Alexander Howard, who writes about open government initiatives for O'Reilly Media, has been closely following Park's work since around mid-2010. As he got settled into the role of covering Gov 2.0, as open government is sometimes called, he kept hearing Park's name come up. He had been vaguely aware of the new CTO before then as someone who had come from the private sector and was a successful entrepreneur. "That's not that common in government, necessarily," Howard said in a phone interview. "He was part of this class of people who had done interesting and important things in the private sector who were coming into government to try to use technology to make things better."
Howard argued that it was Park's connections to the private sector that allowed him to act as a catalyst between HHS and outside companies. "What he's done -- in terms of socializing it to the development community, in terms of being a bridge to them, in terms of being a spark -- cannot be overstated," he said. "It's not only his ability to reach the relevant players, but being able to explain it as someone who has been in their shoes, who knows what their concerns are, and can speak the language of someone outside of government -- I think that's a big deal."
I asked Howard to put Park's work into the larger context of open government initiatives, including ones run by non-HHS agencies. How would open data for health care compare to the industry effects of releasing NOAA and GPS data? Given that health care takes up such a large chunk of our GDP, should we expect to see much greater economic activity from the HHS projects? "With health care we're talking about hundreds of billions, if not trillions, of dollars," he replied. "We're talking about unbelievable costs and really serious outcomes in terms of people not getting the care that they need, that they deserve. We're seeing people not being able to make informed decisions based upon really good data, for a lot of reasons. The existing privacy laws are there for good reason, but they make it difficult for organizations to draw the kind of insights from them that they need. It's created so many problems for people in health care." And because the stakes are so high, "any percentage improvement, a small one, adds up to ridiculous amounts of money" saved.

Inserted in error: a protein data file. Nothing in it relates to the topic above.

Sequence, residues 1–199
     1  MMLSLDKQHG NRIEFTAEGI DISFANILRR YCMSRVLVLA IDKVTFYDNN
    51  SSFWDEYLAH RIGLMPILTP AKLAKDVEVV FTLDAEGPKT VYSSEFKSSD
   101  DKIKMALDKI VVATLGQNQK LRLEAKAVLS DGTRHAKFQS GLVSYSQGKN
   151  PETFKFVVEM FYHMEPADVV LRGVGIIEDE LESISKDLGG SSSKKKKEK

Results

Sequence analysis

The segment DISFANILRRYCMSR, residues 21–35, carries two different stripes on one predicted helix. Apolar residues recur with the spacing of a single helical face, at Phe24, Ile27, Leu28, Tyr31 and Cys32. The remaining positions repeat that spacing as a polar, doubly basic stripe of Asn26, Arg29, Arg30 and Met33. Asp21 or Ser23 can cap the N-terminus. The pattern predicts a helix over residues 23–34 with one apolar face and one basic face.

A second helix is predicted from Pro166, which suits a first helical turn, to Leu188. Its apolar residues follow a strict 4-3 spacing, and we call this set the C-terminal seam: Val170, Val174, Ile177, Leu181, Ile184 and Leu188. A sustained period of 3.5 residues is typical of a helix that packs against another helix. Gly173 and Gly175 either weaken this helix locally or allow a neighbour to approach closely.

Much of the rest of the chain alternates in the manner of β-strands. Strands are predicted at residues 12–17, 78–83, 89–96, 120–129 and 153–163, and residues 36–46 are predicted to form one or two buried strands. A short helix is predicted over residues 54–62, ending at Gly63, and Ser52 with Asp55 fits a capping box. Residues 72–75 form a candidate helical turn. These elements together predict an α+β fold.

Perhaps the most ironic thing about these open data initiatives is the fact that the more successful they are, the less credit Park and HHS will receive for implementing them. These projects are designed so that they can be seamlessly integrated into already-existing tools, and the users, because they're not accessing the information directly from a government website, are often unaware of where the data is coming from. "I don't know if people really realize that when they turn on their TomTom or use their Garmin that they should be grateful to their government for having released that data, but they sure as hell are grateful for the ability to figure out where they're going," Howard said. "They're not going to recognize [Park's work] as an outcome of the government. They're not going to recognize it as something called Health 2.0. They're just going to go use the same thing they've been using for awhile and find that it has more information about the stuff that they care about."
I couldn't help but assume that Park would be fine with this. As Bryan Roberts had relayed to me, Park has never been afraid to put his ego aside to make way for an idea. On June 9 of this year, he plans to host the second annual Health Data Initiative Forum, and he told me that this time there are companies he's never even heard of competing for the coveted slots so they can showcase their tools to the world -- over 75 applied, and 45 were selected. If developers are now creating applications without needing the CTO to act as the catalyst between the private sector and government, then perhaps Park can soon make a second attempt to retire and move back to California with his wife and children so that he can spend the rest of his days simply as a father and husband.